Scholar Edith Turner identifies a number of characteristics that contribute the “spiritual magnetism of a pilgrimage center” (2005:7146). These include: sacred images, miracles of healing, sites of apparitions and locations of historically significant events. Considering these characteristics, the sites venerated by the Aztec dance pilgrimage complex are particularly potent and compelling. The images, miracles, apparitions, and significant events that circulate in regards to each site are important not only in Aztec cosmology, but Catholic cosmology as well. For example, each is a site where Spanish conquistadors built a church on top of an important Aztec site, a fact that “the concheros are very aware of” (Rostas 1991:6). Meanings are layered and interwoven over centuries and across cultures. As such, these sites have both “a Catholic and indigenous signification” (Hernández-Ávila 2005:371). Each time a dance occurs at one of these sacred sites, participants consider this reclamation a re-conquest of the site, even if it is temporary.

The discourse of conquest permeates the Aztec dance practice and operates in multiple registers: as domination, submission, and reciprocity. This thread of thought circulates via the stories (such as the mytho-historical narratives) and symbols (such as the cross and circle) that successfully connect pre-conquest Aztec practices and symbols with the experience of the Spanish conquest, the nation-state of Mexico, the present, and the future. It shapes the individual’s relationship with the self, others within the community, those outside the community, and the cosmos. These are the sensibilities that shape dancers’ forays across national borders.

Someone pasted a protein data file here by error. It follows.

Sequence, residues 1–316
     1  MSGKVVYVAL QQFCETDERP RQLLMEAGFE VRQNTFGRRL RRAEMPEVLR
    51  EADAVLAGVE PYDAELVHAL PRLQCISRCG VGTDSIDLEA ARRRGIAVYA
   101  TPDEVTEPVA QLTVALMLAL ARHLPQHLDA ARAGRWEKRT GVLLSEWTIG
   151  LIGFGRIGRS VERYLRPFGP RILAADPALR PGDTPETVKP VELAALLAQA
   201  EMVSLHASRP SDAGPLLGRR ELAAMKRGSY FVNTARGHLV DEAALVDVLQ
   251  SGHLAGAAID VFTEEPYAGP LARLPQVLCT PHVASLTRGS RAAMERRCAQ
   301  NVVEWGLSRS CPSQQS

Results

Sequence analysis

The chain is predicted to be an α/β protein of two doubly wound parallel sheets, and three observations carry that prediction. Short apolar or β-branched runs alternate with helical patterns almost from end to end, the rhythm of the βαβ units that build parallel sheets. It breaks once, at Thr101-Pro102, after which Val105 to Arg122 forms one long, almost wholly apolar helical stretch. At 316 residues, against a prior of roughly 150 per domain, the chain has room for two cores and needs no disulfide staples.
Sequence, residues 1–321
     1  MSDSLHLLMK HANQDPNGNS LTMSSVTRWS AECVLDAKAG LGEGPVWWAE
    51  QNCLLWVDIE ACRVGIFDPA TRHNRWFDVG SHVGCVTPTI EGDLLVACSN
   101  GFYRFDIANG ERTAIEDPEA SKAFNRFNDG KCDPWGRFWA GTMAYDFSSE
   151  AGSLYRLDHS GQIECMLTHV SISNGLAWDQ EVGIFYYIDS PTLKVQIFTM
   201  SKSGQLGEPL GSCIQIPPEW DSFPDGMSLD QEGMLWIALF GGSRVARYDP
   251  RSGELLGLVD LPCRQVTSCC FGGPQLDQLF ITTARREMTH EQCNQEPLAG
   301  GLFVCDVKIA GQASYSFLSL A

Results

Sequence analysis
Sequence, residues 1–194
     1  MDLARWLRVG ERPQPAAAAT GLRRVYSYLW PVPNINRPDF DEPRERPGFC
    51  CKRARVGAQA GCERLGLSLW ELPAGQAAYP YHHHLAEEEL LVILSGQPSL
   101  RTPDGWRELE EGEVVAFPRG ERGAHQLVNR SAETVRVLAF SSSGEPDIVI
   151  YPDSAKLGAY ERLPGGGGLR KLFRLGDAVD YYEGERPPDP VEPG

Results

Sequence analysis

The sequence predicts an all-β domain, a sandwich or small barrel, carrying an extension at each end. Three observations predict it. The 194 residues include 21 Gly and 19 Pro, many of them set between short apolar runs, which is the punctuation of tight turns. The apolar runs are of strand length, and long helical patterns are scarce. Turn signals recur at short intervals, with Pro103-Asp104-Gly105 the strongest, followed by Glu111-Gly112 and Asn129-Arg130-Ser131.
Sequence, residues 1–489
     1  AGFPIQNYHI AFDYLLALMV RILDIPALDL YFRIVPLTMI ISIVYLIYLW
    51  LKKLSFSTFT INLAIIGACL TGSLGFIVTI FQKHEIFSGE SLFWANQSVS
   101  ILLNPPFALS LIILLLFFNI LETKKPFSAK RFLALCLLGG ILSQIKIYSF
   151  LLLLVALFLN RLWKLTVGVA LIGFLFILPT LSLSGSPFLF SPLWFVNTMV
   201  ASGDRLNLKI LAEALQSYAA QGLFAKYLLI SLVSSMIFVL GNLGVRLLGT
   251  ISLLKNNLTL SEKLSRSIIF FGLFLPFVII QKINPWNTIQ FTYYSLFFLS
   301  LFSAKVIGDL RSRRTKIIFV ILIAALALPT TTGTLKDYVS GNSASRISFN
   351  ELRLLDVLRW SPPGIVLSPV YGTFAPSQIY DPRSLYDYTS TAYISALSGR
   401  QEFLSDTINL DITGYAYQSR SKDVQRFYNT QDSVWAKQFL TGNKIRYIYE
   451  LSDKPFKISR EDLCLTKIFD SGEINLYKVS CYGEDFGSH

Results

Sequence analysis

Transnational Movements and Mixed Receptions

Participants in the dance clearly conceptualize the spiritual as an arena of power and their participation in the dance is understood as a mechanism to both facilitate and consolidate this power. Analyzing these practices during the colonial period, Taylor notes that “[t]he travels of these images and of people to their shrines were meant to broadcast sacred energy from its dwelling places as well as to concentrate it there” (2005: 968). According to Carrasco, Mexico as the spiritual center of the world is a recurring “millennial theme” that has both Aztec and Spanish origins (2000). It is this narrative that motivates the majority of transnational movements by dancers. For the most part, these dancers are not engaged in a missionizing project. Their primary concern is to build networks of relationships that draw spiritual practitioners to Mexico to engage in ritual and ceremony, thus consolidating and broadcasting spiritual power from there. Secondary to this concern is a desire to learn the ritual practices of others in order to refine and augment their own practice. The others in this regard are groups that dancers believe carry ancient knowledge and wisdom similar to their own, such as Native North Americans and Tibetans.